The Well-Tempered Ear

Classical music: Amateurs who dream of playing with a professional orchestra should listen to this story. | July 19, 2015

By Jacob Stockinger

Violinist Tanesha Mitchell (below in a photograph by Richard Anderson) isn’t alone.

Academy Week  tanesha mitchell CR Richard Anderson

Like her, there are many string and brass players, wind players and percussionists, who have studied music and have become pretty accomplished amateurs.

And many of them, The Ear, suspects, dream of playing even just one concert with a professional orchestra.

Enter the Baltimore Symphony Orchestra (below top) and its famed music director and conductor Marin Alsop (below bottom).

Baltimore Symphony November 20, 2008

Baltimore Symphony November 20, 2008

Marin Alsop big

Talk about community outreach!

Each year, the BSO holds an amateur week – it is called Academy Week — in which 80 talented amateurs get to play with and under the tutelage of professionals in the symphony orchestra and its conductor. Participants get seven rehearsals and a full concert as well as private lessons.

The Ear wonders how much it costs and how they choose participants.

You can hear more about it in a YouTube video from 2011 at the bottom.

It seems kind of like Interlochen summer music camp, but for adults instead of teens.

Here is a story that aired Saturday on NPR or National Public Radio.

For those amateurs with dreams of professional music-making glory – for even just a week – it is a must-hear story.

And it makes you wonder if it could help the future of classical music if more symphony orchestras and chamber orchestras – including the Madison Symphony Orchestra and the Wisconsin Chamber Orchestra – adopted something similar.

What do you think?

The Ear wants to hear


  1. It’s an intriging idea I think our orchestras should follow up on. The MSO does some wonderful work with young musicians; it would be edifying and hopefully productive to have an “Adult Artists Competition” along the lines of the Bolz, perhaps. Many other formats could be very worthwhile also. Cutting edge perhaps, but for me nothing surpasses Beethooven and Mozart for pure delight. If enough artists were auditioned the music could take care of itself.

    Daryl Sherman

    Comment by Daryl K.. Sherman — July 24, 2015 @ 7:10 pm

  2. Great idea!

    Comment by Deb — July 19, 2015 @ 6:56 pm

  3. It would be a win-win in Madison — we have a lot of very accomplished amateur musicians; both they and the classical music environment here would benefit.

    Comment by slfiore — July 19, 2015 @ 8:33 am

  4. This is such a wonderful happening, and is otherwise so difficult to come by if a person is an amateur. Very cool.

    Comment by aswecrochet — July 19, 2015 @ 8:14 am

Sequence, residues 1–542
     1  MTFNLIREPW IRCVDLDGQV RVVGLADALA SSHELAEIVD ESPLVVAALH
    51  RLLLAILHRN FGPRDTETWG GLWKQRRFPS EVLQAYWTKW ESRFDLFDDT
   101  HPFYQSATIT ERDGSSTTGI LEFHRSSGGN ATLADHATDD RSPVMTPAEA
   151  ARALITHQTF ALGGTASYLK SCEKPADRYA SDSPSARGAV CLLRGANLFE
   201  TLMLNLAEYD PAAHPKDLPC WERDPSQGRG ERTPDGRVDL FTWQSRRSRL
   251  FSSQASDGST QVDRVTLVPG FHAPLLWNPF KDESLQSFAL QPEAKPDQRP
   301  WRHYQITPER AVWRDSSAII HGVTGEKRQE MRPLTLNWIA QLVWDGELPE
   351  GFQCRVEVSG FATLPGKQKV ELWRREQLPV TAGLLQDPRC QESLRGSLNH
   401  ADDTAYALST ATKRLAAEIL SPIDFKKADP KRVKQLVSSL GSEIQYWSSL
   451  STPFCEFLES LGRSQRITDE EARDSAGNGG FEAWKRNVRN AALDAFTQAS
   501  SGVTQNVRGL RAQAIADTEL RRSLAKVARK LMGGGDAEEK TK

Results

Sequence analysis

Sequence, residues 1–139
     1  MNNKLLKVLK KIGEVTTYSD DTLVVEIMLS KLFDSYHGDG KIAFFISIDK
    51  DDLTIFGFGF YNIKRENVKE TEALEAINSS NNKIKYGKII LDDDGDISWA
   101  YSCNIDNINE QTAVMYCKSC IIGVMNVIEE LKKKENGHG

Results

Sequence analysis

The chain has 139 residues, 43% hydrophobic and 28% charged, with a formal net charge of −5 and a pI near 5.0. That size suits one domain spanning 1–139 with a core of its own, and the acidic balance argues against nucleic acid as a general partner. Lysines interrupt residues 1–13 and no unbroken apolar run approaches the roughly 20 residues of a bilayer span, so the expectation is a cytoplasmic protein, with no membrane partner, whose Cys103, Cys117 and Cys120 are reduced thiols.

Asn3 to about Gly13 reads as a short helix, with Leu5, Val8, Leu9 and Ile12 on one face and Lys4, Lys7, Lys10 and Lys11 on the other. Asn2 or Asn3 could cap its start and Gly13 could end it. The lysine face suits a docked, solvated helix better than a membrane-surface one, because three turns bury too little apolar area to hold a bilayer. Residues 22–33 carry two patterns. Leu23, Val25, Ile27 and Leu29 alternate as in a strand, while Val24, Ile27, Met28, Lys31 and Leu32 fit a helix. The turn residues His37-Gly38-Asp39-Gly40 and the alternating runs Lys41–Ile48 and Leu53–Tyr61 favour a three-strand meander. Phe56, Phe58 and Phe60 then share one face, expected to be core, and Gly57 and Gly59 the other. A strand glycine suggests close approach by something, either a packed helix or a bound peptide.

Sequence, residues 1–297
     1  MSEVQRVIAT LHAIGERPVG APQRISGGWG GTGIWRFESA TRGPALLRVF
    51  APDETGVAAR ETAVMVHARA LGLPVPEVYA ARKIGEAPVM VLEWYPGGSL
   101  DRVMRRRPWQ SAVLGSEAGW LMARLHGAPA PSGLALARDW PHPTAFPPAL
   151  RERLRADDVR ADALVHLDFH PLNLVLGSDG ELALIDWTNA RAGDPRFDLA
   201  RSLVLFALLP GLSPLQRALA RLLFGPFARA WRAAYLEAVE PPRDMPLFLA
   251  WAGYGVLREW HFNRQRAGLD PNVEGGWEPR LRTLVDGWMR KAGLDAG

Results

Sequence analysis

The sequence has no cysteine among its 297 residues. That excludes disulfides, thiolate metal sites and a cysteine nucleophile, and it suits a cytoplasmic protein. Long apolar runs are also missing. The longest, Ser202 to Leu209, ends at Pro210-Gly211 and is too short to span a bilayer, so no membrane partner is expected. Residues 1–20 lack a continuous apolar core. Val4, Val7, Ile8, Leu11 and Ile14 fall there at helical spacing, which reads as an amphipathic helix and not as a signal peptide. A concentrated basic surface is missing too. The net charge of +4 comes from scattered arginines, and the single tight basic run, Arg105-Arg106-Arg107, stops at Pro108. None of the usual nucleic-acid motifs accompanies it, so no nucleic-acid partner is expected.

5. Terrific initiative in Baltimore. Here in Cincinnati we just had the news that a foundation grant will make it possible to underwrite a new training program at our College-Conservatory of Music, which will open up opportunities for advanced students from underserved populations to begin to fill positions in symphony orchestras around the country.

    Comment by Rafael de Acha — July 19, 2015 @ 7:51 am

  6. “And it makes you wonder if it could help the future of classical music if more symphony orchestras and chamber orchestras – including the Madison Symphony Orchestra and the Wisconsin Chamber Orchestra – adopted something similar.”

    I completely agree.

    And it also raises the question of: how creative is the classical musical scene in the otherwise very creative city of Madison? In my opinion, the musical leadership locally struggles way behind other sectors and fields. To its credit, the MSO is on a much sounder financial footing now (Overture Hall is probably also responsible for that), and the orchestra itself is much improved with far better playing than in the past.

    On the other hand, there is scant evidence of innovation in programming or elsewhere in comparison to other cities (Baltimore and Seattle come to mind). You are spot on about Marin Alsop. She is truly a wonderfully innovative and courageous orchestra leader. I hope the NYP hires her as their next conductor/music director; she deserves a larger stage. By contrast, programming and innovation in general has been relatively timid in Madison and I do not recall that the orchestra has underwritten any new compositions for a long, long time.

    Another conductor one has to take one’s hat off to is Gerard Schwarz, the former conductor of the Seattle Symphony who elevated that group into a national body and also recorded and sponsored much new and current music, especially by Americans. He created a “niche” for that orchestra and now it is internationally known and widely recorded. And lest anyone say that Baltimore and Seattle are larger than Madison, Schwarz, now at 67, is doing the same thing now with a group of musicians in North Carolina, The Eastern Music Festival. And he has set up an entirely new orchestra, The All Star Orchestra which has programs available to the public on internet streaming. In the past decade, he has made dozens of recordings that have not only been acclaimed, but have presented lots of “new” music (contemporary music that was never before recorded).

    Let’s hope that the next MSO conductor is vigorous and innovative, like Alsop and Schwarz. There’s a lot of creativity and talent in Madison which I suspect has not been harnessed.

    Since Maestro DeMain is in his 70’s, is the MSO (perhaps very quietly) beginning to look for new blood? That often takes lots of time and planning.

    Comment by fflambeau — July 19, 2015 @ 2:31 am

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